Having lived all your life in an urban setting, it makes you wonder if there is something more beyond the staid row of white plastered homes, corporate buildings, long lines of traffic, and the quotidian automated life. Here are 7 towns that should spark your interest.
Home of the Homeless
There’s still such a place where you may enjoy certain things for free, with absolutely no strings attached. And it isn’t too far away from California, just a few miles of travel, in Slab City. Many retirees travel to the place, 150 miles off San Diego (Northeast), where it is great for winter retreat.
Some like to go live away from the diurnal cares of city life, where there are no landlords to give you the eye for a delay in rent, no banks to follow up on mortgages, no cops to police the streets, nor politicians to rule. Many of those who live here stay seasonally and travel elsewhere. Permanent residents are very few, and there are no zip codes to write them. Without the basic amenities we often take for granted, life here can be extraordinary.
Fire Down Below
You wouldn’t want to live here, but nevertheless, it’s quite intriguing. Imagine walking in a deserted town where only 7 people lived since 2013. It’s as eerie as a ghost town in a scary movie, except that its grounds are really unstable, with emissions of poisonous gas and other such hazards. Welcome to Centralia, a town of Pennsylvania that used to be a coal mining place with around 1,400 people.
Everything changed here in 1962 when an underground fire was set, and it burns like hell up to this day. It’s long been abandoned for its danger. Those who continue to live here do so with a signed waiver, in effect, relinquishing all their properties to the government when they die.
The Chinese Alps
This is a place a dreamer could appreciate. To live in China, in a place that replicates the entire Austrian town of Hallstatt. It’s like being in two countries at once.
These projects are not uncommon in the country where you can also find an Eiffel tower replica in Tianducheng. But this housing project in the province of Guangdong copies the whole Austrian town in surprising detail. Ironically, to live in this housing tract is more expensive than the real deal.
Don’t be surprised to find the small town of Coober Pedy in South Australia devoid of people. That’s just on the surface. For many years, its inhabitants have adapted to living their daily lives underground, reminiscent of Hobbits. Otherwise, they practically enjoy the same things we like.
Their subterranean town is installed with bars, diners, churches, and hotels with a population of about 1,700 people. As a mining community, it produces majority of the world’s stock of opal. Working underground, they reckon it is best to live there, too, and stay away from the heat and such hazards. Their way of life is now as popular as the mineral they produce.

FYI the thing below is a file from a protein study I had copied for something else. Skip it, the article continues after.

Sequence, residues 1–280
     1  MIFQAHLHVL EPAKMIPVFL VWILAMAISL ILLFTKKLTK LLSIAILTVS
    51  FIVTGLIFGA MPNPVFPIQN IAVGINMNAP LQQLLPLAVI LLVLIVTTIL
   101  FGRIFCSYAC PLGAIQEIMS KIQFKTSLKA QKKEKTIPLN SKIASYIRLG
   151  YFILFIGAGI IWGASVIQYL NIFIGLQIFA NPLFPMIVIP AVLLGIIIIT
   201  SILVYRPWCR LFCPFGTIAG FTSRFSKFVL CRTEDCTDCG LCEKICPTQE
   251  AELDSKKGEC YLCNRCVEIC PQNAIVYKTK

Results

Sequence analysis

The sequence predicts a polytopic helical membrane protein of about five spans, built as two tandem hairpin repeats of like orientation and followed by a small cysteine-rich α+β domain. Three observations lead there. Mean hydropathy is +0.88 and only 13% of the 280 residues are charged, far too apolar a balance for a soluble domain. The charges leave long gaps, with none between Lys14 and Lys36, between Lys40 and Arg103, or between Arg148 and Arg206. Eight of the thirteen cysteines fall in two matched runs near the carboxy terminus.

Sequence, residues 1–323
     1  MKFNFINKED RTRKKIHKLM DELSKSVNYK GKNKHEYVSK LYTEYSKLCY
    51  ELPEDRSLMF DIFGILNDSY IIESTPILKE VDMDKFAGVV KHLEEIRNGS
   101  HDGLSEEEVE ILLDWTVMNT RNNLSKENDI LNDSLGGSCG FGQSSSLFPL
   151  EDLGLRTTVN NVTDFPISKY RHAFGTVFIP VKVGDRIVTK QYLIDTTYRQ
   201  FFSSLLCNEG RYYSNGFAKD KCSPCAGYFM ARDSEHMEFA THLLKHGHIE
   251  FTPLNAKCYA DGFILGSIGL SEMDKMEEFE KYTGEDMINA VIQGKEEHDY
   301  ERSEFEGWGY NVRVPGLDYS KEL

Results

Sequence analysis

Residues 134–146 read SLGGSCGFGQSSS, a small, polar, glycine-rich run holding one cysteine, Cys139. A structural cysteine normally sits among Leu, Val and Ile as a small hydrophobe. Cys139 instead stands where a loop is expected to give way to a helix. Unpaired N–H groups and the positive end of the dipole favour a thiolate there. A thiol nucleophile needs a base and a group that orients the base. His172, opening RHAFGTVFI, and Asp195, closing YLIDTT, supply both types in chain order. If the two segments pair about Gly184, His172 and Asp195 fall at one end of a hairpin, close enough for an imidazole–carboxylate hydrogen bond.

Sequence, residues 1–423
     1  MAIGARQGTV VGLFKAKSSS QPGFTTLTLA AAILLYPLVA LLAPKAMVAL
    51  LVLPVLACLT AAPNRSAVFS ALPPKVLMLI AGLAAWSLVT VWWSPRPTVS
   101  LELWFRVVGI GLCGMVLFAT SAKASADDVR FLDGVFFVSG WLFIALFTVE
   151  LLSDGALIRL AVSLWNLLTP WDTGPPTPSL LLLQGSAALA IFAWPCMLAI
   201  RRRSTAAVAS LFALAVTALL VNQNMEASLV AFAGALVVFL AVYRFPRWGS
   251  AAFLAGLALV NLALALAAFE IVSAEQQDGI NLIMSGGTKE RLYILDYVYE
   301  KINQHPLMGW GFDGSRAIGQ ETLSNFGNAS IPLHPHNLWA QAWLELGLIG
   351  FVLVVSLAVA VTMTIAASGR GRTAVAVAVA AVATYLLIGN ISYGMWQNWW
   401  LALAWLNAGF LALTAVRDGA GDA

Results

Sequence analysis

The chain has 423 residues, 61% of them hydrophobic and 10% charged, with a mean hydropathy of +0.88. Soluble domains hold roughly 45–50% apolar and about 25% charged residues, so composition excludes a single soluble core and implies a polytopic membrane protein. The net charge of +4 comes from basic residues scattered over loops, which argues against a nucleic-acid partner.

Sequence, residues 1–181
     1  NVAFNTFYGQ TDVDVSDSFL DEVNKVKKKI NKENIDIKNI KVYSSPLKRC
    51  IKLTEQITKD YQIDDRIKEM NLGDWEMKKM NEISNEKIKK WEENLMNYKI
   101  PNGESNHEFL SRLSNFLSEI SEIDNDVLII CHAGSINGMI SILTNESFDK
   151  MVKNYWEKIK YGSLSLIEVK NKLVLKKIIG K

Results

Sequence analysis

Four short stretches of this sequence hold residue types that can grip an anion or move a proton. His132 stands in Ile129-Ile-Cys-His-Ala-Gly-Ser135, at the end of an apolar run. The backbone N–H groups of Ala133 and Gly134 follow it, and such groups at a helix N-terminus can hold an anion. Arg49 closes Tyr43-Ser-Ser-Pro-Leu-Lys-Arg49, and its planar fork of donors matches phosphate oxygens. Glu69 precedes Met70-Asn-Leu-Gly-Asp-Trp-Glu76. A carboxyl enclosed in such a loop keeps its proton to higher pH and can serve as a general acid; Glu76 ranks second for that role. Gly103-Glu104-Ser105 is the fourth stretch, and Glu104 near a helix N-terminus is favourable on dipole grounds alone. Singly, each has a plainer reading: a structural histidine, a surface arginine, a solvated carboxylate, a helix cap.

Like most islands elsewhere, Tangier, a namesake of the town in Virginia, in Chesapeake Bay, is scenic. But it’s not about what you’ll see here that shall amaze you, but rather what you’ll hear with your own ears. Nothing much has changed in the island since the colonial times. Cornish settlers had made a home out of the place during the 17th century and their locution had mixed with the locals’. The result is a cross between American and British accents, and you might have to listen intently to catch up with their highly unusual accent.
It would be interesting to visit Tangier, but we’re afraid it won’t be there for long. Due to climate change, more than half of the island had submerged since 1850, and the sea levels are constantly rising. It may be history for this enclave down the east coast in a few decades.
No one knows why the 15th century town of Chefchaouen in Morocco is dyed blue all over. It is home to 40,000 people but it’s remained a mystery. There are those who say that the tradition of painting it blue had started with the Jews. They resided in the old town in early years, and the color signifies holiness for its people.
Whatever the reason behind its hued walls, it certainly has attracted many visitors all over the world who can only make a guess regarding its mysterious past. It’s a quaint little place with good food and lots to go around and see, where you shan’t be blue.
Ready to Rock?
Tourists find the Setenil de las Bodegas attractive for its raw beauty; a town where it’s structures are embedded against the walls of the Andalusian mountains in Cadiz, Spain. It is a mixture of modern architecture and the natural mounds of nature, white walls against the brown earth.
The town bustled since the Romans inhabited the site, but it was the Moors that had done most of the work in the 12th century, drawn to it for its mountains that proffer reliable protection. It’s oddly beautiful.